9. TuringTest
    • 4 years ago
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    lambda is the charge per unit length by the way...

  10. anonymous
    • 4 years ago
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    ok i understand this so far. Thanks

  11. TuringTest
    • 4 years ago
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    welcome, let me know if you get stuck

  12. anonymous
    • 4 years ago
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    Real Quick, how do i find the radius in this situation?

  13. TuringTest
    • 4 years ago
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    the distance from each rod to the center is found through geometry if you forgot how, break the triangle in half and use the pythagorean theorem to find the height. then divide the height by 2 that will be the midpoint of an equilateral triangle

  14. anonymous
    • 4 years ago
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    got it

  15. anonymous
    • 4 years ago
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    I hate to say it but i did everything and i still got it wrong. In the end i got 136.1.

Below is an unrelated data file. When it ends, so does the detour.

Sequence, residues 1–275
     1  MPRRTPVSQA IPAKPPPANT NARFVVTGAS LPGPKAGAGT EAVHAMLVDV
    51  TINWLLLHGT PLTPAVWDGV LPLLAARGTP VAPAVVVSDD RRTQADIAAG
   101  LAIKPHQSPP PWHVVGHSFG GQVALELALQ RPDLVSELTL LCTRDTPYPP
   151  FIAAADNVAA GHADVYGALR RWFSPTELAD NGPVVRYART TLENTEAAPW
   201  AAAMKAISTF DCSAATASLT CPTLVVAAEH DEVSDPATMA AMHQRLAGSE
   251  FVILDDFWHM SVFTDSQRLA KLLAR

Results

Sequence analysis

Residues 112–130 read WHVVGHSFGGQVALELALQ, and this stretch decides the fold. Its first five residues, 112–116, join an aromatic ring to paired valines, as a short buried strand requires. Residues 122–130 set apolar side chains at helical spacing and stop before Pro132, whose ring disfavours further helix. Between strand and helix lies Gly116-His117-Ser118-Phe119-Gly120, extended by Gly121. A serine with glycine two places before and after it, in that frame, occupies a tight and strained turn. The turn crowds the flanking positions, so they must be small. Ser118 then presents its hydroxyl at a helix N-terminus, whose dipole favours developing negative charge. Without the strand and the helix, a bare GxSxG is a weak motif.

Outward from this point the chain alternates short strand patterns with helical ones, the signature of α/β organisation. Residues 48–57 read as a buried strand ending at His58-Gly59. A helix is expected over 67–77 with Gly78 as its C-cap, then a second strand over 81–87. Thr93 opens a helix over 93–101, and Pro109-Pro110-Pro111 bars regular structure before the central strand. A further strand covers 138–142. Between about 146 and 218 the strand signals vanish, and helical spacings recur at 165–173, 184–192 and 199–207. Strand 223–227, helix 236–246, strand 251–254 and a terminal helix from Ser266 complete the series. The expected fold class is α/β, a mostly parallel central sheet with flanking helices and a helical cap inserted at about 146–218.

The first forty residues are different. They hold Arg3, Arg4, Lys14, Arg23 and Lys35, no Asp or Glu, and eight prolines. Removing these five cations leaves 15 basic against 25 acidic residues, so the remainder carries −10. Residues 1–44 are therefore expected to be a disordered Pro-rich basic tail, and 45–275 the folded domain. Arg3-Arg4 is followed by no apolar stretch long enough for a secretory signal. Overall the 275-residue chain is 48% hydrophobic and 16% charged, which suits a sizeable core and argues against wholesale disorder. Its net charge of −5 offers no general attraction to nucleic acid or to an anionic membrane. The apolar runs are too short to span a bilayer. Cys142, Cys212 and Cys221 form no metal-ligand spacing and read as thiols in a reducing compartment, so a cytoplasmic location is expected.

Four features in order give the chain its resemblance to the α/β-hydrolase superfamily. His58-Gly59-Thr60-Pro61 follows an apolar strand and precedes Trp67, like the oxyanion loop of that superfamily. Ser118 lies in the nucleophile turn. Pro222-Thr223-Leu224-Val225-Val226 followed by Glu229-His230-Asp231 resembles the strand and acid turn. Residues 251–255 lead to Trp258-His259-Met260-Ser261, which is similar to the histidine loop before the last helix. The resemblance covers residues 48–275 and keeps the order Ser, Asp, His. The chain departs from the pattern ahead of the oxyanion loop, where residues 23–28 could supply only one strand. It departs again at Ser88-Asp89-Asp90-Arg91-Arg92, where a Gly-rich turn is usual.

16. TuringTest
    • 4 years ago
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    let me give it a try...

  17. TuringTest
    • 4 years ago
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    sorry, I get\[1.76\times10^{-8}\frac Vm\]

  18. anonymous
    • 4 years ago
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    nope still wrong. :/

  19. TuringTest
    • 4 years ago
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    ok, closer investigation it seems strange to me that you got such a high number though, there isn't than much charge...

  20. anonymous
    • 4 years ago
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    I have no clue.

  21. TuringTest
    • 4 years ago
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    ok I'm really hoping it's about\[3.51\times10^{-7}\]

  22. TuringTest
    • 4 years ago
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    wait no!

  23. TuringTest
    • 4 years ago
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    I forgot e0 all the way through!

  24. anonymous
    • 4 years ago